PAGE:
EU sanctions talks over Caspian gas import pipeline
The Council of the European Union has approved negotiations with Azerbaijan and Turkmenistan over a legal framework for the proposed Trans-Caspian gas pipeline system.
VIENNA, Austria – The Council of the European Union has approved negotiations with Azerbaijan and Turkmenistan over a legal framework for the proposed Trans-Caspian gas pipeline system.
Reinhard Mitschek, Nabucco managing director, said: “This groundbreaking initiative…matches the aim of the Nabucco project to enable the transportation of a broad diversified gas portfolio.”
The proposed Nabucco pipeline would carry supplies from eastern Turkey to a distribution hub in Baumgarten, Austria, via Bulgaria, Romania, and Hungary. It would be built and operated by the Nabucco Gas Pipeline International.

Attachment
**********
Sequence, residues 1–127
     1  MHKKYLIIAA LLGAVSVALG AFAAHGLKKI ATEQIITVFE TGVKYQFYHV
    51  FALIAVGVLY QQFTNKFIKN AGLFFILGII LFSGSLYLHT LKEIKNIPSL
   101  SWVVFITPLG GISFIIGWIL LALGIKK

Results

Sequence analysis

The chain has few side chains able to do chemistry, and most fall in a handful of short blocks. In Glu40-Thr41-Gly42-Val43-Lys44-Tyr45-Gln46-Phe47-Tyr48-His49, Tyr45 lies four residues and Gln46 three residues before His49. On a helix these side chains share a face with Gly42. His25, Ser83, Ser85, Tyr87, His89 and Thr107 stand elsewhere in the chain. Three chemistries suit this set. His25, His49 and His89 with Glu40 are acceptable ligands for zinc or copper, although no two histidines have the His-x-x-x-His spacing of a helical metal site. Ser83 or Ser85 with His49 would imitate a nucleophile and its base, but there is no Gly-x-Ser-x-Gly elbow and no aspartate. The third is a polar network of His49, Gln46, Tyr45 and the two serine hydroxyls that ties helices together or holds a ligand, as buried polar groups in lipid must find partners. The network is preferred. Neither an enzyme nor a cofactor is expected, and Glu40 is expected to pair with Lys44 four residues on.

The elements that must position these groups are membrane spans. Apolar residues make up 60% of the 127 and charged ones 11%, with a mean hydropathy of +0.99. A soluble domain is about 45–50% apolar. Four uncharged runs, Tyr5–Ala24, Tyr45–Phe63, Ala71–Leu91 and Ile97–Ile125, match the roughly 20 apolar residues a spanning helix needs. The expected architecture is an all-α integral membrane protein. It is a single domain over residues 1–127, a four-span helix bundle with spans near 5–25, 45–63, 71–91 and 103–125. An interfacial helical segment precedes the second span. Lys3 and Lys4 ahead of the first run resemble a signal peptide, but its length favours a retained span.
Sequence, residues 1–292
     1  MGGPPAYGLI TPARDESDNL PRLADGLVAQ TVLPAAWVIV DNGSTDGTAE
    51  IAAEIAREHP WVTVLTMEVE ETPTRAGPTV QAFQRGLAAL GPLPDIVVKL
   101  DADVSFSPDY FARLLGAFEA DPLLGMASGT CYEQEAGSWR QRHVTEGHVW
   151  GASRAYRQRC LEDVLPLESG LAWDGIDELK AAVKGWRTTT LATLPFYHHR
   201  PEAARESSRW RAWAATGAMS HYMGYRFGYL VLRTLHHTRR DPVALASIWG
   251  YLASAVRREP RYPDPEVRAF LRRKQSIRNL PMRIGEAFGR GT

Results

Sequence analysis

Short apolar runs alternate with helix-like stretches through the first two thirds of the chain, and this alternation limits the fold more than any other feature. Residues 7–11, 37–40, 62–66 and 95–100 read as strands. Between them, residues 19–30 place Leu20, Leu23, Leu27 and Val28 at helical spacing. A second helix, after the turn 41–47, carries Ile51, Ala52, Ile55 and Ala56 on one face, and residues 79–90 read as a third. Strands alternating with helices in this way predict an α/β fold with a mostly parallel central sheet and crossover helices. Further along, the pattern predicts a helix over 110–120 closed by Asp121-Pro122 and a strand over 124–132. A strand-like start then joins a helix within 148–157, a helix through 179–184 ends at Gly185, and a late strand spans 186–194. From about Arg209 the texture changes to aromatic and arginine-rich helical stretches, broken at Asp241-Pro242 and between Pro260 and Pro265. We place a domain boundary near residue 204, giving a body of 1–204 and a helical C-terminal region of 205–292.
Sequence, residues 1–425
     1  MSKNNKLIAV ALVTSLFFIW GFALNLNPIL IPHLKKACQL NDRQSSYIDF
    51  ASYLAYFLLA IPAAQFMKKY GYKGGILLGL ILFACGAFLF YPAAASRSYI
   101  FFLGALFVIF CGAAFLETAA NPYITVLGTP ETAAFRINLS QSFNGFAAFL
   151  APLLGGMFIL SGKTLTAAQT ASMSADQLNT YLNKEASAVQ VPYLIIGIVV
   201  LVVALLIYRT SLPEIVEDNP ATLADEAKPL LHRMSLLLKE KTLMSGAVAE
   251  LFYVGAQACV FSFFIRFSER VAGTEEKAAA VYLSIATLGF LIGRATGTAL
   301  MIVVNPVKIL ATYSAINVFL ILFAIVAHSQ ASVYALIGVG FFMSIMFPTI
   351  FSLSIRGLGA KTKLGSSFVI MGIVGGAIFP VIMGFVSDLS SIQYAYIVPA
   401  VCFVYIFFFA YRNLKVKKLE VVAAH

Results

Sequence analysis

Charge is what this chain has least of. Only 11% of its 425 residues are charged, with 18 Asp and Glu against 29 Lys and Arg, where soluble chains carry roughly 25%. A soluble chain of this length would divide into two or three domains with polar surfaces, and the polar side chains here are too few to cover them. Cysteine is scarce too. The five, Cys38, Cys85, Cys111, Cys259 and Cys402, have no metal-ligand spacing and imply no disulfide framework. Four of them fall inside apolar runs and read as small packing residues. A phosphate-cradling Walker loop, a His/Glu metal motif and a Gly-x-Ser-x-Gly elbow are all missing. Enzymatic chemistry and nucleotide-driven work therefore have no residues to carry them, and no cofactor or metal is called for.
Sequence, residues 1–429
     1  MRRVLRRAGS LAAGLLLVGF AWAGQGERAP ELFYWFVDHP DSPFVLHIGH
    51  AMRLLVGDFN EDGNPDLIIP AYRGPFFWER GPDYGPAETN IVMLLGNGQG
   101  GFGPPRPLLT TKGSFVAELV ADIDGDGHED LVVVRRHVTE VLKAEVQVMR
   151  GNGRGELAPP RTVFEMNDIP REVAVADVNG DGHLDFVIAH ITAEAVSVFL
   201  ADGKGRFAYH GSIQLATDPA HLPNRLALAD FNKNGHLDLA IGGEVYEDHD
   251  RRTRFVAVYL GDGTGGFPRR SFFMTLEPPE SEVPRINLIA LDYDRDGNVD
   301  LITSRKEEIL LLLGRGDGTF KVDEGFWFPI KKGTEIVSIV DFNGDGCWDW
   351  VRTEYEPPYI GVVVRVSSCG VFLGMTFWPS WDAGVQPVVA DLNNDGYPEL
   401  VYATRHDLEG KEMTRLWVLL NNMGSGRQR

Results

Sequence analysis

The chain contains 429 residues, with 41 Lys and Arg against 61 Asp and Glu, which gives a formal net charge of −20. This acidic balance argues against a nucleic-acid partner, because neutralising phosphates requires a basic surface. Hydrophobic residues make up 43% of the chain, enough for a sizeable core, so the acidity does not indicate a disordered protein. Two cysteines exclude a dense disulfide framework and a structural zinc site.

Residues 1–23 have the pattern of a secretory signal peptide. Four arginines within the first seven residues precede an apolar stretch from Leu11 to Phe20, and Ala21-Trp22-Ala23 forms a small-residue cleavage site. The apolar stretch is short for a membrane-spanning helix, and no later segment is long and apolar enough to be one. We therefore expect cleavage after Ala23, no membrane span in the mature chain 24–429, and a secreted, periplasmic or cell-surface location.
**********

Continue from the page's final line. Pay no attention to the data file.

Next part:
Some of the gas could come from the BP-operated Shah Deniz field in the Azeri sector of the Caspian Sea.
Mitschek added: “Following a multi-sourcing approach, Nabucco will not be dependent on the construction of a potential Trans-Caspian pipeline. Nevertheless, it is a fact that the big potential for gas exports on both sides of the Caspian Sea is vital for the future of the European and Turkish gas markets.
“A large pipeline system established through Nabucco is tailor-made to contribute to export this large gas supply potential for the decades to come. Nabucco – the European flagship project – offers the most competitive export route for Caspian gas.”
The Nabucco shareholders are OMV (Austria), MOL (Hungary), Transgaz (Romania), Bulgarian Energy Holding (Bulgaria), Botas (Turkey), and RWE (Germany). All have an equal share of 16.67% of Nabucco Gas Pipeline International, and they will be responsible for the negotiation of gas contracts.